In the East, only 46% think prices will increase! Another 17% think prices will decline, the most negative in the nation. Yet their optimism about this being a good time to buy (at 72%) is near the top. In the Midwest, 51% think that prices will rise, while in the South, 61% think so.

During the last housing bubble, the peak in prices occurred when Americans were totally souring on buying a home. They saw that these prices made no sense, that they were unaffordable, crazy, and artificial. And after they came to that conclusion in 2006, they stopped buying. Hence the crash.

Now a similar scenario is playing in the West. Prices have shot up to ludicrous levels in many areas. Fewer and fewer people – even with mortgage rates at rock-bottom – can afford to buy a home. And what they can afford to buy may only be a shack though both adults in the household have middle-class jobs. It appears that it’s gradually dawning on people that the party is drawing to an end, that the booze will run out soon, that it’s time to worry about a hangover. And they see the writing on the wall: now is a good time to sell instead.

They have their reasons. The bedrock of a healthy sustainable housing market has been undermined. And it’s dragging down the economy. Read…   Here’s What’s Killing the American Dream

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  37 comments for “Americans Suddenly Sour on Buying a Home, Worst Drop since 2008, Optimism Plunges in the West

  1. Petunia says:

    I am never buying again. I lost my home in the financial crisis when we lost our income. The house was purchased with a 40% down payment and with a prime loan. That experience made me realize that even if I had paid all cash for the house I would have lost it anyway, because there is no such thing as private property in America. We are all just renters.

    Now I rent a house, smaller, cheaper, and with no repair risks. I miss not being able to decorate anyway I want but I don’t have to come up with money when things break. Overall the mobility and lack of surprises makes up for not owning. I was tired of being an ATM for local govt and their endless demands for money.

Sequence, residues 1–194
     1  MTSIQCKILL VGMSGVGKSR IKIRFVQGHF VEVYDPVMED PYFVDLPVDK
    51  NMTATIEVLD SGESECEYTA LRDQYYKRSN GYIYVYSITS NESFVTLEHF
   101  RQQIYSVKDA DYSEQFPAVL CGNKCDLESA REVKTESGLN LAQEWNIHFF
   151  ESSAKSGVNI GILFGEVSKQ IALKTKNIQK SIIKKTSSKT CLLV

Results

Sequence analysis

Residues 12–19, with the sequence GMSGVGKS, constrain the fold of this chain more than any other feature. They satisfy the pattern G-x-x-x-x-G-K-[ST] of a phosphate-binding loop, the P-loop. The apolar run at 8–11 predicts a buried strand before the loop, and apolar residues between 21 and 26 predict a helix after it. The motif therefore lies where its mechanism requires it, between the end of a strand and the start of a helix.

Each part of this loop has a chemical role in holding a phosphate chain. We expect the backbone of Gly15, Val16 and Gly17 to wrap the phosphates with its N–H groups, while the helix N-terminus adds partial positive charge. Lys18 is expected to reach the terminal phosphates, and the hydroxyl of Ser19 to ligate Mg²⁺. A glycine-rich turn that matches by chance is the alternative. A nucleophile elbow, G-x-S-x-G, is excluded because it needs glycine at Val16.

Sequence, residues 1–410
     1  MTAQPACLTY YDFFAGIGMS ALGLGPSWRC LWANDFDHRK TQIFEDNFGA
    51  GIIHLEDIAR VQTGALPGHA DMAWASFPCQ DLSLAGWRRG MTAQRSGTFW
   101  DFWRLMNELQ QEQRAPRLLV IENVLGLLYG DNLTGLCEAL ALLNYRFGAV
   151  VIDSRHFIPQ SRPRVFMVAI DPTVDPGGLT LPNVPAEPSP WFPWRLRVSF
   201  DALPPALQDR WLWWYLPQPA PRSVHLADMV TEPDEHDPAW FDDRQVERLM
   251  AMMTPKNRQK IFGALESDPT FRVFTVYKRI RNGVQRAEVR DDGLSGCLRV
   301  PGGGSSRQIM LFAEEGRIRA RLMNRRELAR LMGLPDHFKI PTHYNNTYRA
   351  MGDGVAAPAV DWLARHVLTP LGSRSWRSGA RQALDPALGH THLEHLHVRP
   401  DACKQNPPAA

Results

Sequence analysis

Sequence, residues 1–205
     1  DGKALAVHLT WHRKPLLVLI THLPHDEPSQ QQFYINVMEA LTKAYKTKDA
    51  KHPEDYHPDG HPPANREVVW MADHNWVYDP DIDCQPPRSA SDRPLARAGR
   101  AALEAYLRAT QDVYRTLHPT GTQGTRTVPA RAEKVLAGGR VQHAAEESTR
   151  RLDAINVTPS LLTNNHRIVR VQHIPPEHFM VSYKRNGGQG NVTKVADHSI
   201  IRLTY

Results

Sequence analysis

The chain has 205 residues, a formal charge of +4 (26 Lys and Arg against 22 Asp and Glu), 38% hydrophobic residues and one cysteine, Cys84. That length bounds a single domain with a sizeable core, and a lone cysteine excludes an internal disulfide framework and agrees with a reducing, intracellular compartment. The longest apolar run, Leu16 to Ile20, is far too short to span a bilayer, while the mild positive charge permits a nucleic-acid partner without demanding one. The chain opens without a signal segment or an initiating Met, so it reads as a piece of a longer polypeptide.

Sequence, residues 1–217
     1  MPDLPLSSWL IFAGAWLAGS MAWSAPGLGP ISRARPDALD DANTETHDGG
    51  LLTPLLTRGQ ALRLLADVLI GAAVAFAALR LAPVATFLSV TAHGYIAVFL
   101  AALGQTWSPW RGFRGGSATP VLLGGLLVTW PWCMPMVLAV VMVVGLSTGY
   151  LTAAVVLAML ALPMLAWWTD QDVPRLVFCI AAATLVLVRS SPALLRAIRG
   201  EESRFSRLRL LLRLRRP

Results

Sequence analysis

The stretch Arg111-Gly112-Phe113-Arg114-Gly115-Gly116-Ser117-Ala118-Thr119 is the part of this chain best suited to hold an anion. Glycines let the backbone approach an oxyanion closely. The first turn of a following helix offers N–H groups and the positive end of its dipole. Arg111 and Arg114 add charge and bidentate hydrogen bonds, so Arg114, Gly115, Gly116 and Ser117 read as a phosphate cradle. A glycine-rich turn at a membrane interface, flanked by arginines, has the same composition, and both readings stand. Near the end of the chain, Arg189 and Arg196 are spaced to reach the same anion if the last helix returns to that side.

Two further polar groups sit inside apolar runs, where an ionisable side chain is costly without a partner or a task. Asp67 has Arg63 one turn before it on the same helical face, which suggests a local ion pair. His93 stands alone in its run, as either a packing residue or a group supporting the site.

• Nathanael says:

      If you can buy in cash and you know you can afford the property taxes no matter what, it’s often worth it. That’s a strictly-for-the-1% thing, though.

  2. Vespa P200E says:

    “San Francisco, prices now far exceed the peak insanity levels of 2006/2007. And so in this environment, 76% think prices will rise further over the next year”

    I live in upper middle class SF “East Bay” where the residents of the city proudly show rear license plate with the city name. Its pretty prevalent and haven’t seen other town/city residents do that and I find it tasteless. Anyway the price has gone thru the roof and now priced above the 2007 prices as most of my neighbors bought when development began to sell new homes in 2006.

    Interesting stat as I thought 76% in SF think price will decline after halcyon rise from the low of 2010/2011 to price above 2006/2007. Back then the “fuel” was sub-prime and no down neg amortization interest only adjustable loans AKA liar loans given to anyone with a pulse but we’re talking more about cash deals, minimum 20% down payments to hard to get approved jumbo loans (pushing people to put big chunk of cash down). Except this time the inevitable bubble will burst and there will be lot of people with loss of their downpayment and ahem here we go again with another cycle of short sales and even foreclosures in SF bay area?

    Yep we learn history so as to rinse and repeat it.

  3. Kreditanstalt says:

    But they’re not optimistic about “buying a house”. Most of them are optimistic about borrowing to “buy” one.

    The hoi polloi are confident of two things: government/Fed manipulated “interest rates” will be maintained at low levels and that they will keep their jobs.

  4. michael says:

    Some lessons in life need to be learned twice.

    • VegasBob says: